Rosie looks after our customers at Patchwork and like many working mums is at home with her daughter Bo – who has had the most excellent idea. She’s written a letter to ‘an old person’ trusting that her local postie will know who might need cheering up. It’s such a simple thing to do and as Bo says ‘it’s kind and also better than doing spelling sheets.’
Rosie says: “As soon as she found out her school was closing, Bo said she wanted to start writing letters to her classmates. We posted a couple to her friends and then she had the idea of sending to old people as well who are now confined to home and possibly more isolated than ever.”
Social distancing doesn’t have to mean increased loneliness
It’s vital that we all protect the elderly and those most vulnerable, by taking seriously the recommendations to start social distancing now. But not having physical contact in the ways we are used to, doesn’t mean we should stop contact altogether. In fact it means we need to try even harder to connect in other ways. These may include ways we have forgotten about, like picking up the phone or writing a letter.
Short and sweet and simple
Writing letters to elderly people in their community is a really nice and simple way that even young children can help. It can be a letter, a card, or postcard or just a short note. A few lines about who they are and what they have been doing and feeling, along with a few questions back is perfect! Sticking to a strict homeschooling timetable is tough, if not impossible. This is a way to weave learning in, with an activity that’s simple and accessible. If your child is very young, just their name and a colourful drawing is lovely.
What should my letter say?
Start with a ‘hello my name is” and get your child to add in their age and location (don’t feel the need to add surname or address if you’d rather not) Ask your child to note how they are feeling, and maybe get them to include what their plans are while school is closed or their routine has changed. What are they looking forward to? Do they have anything special planned while they are at home? Keep it age appropriate and fun. Better to write a few short letters than allow your child to get bored struggling to write a long one!
A learning experience that benefits everyone
This idea works so well because it’s so simple and accessible. It can be a nice routine to each morning, perhaps writing their letter as they have breakfast. Then a walk to the postbox (if you’re lucky and there’s one near you!) allows some time to stretch their legs, get some fresh air and learn about how the postal service works. Explain to them what their letter might mean to someone who is alone. Helping them to develop their empathy, their sense of community and the feeling of doing something positive at a difficult time. And with homeschooling in mind, improve their handwriting too (shh don’t tell them that!)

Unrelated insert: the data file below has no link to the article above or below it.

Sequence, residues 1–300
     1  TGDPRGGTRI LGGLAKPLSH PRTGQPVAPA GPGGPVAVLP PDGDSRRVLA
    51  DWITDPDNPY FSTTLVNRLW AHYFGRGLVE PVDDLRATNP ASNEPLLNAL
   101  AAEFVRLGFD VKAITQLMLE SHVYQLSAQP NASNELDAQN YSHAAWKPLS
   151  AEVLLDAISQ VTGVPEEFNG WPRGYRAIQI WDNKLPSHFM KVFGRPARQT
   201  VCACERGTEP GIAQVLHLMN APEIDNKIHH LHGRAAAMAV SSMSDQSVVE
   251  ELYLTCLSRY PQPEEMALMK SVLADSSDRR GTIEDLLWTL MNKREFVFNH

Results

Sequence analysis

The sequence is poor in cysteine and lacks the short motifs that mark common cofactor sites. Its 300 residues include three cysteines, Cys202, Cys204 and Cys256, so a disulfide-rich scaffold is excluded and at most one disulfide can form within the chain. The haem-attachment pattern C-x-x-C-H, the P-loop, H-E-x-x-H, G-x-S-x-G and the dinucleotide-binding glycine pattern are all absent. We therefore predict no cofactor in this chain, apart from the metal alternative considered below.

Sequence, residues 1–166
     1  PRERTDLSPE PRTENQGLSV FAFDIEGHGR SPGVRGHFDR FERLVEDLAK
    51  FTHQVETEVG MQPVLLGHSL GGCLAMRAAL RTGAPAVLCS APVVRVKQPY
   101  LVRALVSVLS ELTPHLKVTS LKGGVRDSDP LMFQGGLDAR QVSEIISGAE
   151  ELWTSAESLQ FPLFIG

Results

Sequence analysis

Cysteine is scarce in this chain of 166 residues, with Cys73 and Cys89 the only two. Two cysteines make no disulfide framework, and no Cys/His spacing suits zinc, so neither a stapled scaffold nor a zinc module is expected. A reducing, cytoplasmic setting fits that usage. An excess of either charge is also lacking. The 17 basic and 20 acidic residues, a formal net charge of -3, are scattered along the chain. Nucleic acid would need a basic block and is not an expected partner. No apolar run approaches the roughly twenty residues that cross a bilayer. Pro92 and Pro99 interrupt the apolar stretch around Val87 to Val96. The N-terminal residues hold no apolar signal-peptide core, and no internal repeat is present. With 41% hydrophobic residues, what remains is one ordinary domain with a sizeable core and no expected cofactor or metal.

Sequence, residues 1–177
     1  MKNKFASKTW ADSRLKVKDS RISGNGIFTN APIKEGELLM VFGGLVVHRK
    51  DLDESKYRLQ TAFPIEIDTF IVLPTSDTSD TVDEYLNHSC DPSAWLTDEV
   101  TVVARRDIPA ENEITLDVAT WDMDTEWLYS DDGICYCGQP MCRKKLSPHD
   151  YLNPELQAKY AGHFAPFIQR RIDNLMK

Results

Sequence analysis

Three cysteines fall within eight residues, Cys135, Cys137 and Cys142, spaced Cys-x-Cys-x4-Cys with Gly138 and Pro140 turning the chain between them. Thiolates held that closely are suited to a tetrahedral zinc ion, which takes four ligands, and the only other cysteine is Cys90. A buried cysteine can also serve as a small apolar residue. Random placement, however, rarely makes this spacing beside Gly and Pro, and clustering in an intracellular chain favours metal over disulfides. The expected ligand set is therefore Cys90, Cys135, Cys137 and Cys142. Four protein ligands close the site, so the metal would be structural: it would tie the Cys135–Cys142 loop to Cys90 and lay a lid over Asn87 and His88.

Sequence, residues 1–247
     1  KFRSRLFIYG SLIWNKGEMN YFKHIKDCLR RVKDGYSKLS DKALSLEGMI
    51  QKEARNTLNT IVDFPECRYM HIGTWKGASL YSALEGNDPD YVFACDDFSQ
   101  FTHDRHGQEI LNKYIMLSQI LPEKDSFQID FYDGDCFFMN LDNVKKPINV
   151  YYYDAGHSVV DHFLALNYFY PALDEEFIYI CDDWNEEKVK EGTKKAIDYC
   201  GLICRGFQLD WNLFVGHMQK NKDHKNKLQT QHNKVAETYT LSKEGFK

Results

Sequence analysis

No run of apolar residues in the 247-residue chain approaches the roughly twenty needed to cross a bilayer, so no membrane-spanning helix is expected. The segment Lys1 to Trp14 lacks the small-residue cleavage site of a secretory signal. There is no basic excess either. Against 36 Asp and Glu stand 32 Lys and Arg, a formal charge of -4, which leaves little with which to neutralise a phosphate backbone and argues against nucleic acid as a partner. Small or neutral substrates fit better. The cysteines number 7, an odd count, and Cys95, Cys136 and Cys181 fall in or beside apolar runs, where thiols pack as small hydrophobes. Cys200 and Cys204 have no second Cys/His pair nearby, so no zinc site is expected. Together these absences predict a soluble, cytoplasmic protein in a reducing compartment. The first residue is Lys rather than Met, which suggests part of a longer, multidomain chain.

For an elderly person, living alone or perhaps carrying the responsibility of caring for their partner, a handwritten letter can mean a lot. It shows that someone has thought about them and cared enough to write. It’s a small connection to the outside world, and something to look forward to in what might otherwise be a long and uneventful day.
Like to give this a try?
Great! Get a stock of paper, notepad or some cards, and some stamps that you can keep close to hand for when you have a 5 minute gap in your homeschooling schedule to sit with your child and have a cup of tea. Unless you personally know an elderly person in your community, we recommend addressing your envelope more generally, for example:
To: an elderly person near me, then a street name and postcode, and then a note to the postman to help locate someone who is alone and might need cheering up!
If you want to share what you’re doing on social media and encourage others to so the same please share your photos and stories with the hashtags #stepbackreachout and #loveletters and let’s all do our bit to connect more and infect less.
For your reassurance, Public Health England (PHE) has advised that people receiving parcels or letters are not at risk of contracting the Coronavirus. You can read more here.
And finally, if you’d like to find out how Patchwork can help kids cope with the disappointment of cancelled birthday parties during the Coronavirus, check out our ideas for distance gifting for kids and keep the love and birthday fun alive!